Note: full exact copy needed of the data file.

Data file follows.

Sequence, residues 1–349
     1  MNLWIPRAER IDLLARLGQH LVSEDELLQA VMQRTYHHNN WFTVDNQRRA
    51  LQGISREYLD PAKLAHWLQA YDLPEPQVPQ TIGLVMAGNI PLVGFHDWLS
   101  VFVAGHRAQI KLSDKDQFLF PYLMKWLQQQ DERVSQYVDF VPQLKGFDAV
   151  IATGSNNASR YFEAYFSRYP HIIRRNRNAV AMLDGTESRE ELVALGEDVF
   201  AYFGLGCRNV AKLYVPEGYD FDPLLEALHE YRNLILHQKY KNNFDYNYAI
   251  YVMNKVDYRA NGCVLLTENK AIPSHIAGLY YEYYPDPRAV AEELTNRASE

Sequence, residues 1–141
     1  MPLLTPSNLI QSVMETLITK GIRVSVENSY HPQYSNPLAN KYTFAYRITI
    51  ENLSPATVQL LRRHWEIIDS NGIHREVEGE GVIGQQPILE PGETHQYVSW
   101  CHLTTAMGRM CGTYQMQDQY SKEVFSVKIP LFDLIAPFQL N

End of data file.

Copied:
Sequence, residues 1–349
     1  MNLWIPRAER IDLLARLGQH LVSEDELLQA VMQRTYHHNN WFTVDNQRRA
    51  LQGISREYLD PAKLAHWLQA YDLPEPQVPQ TIGLVMAGNI PLVGFHDWLS
   101  VFVAGHRAQI KLSDKDQFLF PYLMKWLQQQ DERVSQYVDF VPQLKGFDAV
   151  IATGSNNASR YFEAYFSRYP HIIRRNRNAV AMLDGTESRE ELVALGEDVF
   201  AYFGLGCRNV AKLYVPEGYD FDPLLEALHE YRNLILHQKY KNNFDYNYAI
   251  YVMNKVDYRA NGCVLLTENK AIPSHIAGLY YEYYPDPRAV AEELTNRASE

Sequence, residues 1–141
     1  MPLLTPSNLI QSVMETLITK GIRVSVENSY HPQYSNPLAN KYTFAYRITI
    51  ENLSPATVQL LRRHWEIIDS NGIHREVEGE GVIGQQPILE PGETHQYVSW
   101  CHLTTAMGRM CGTYQMQDQY SKEVFSVKIP LFDLIAPFQL N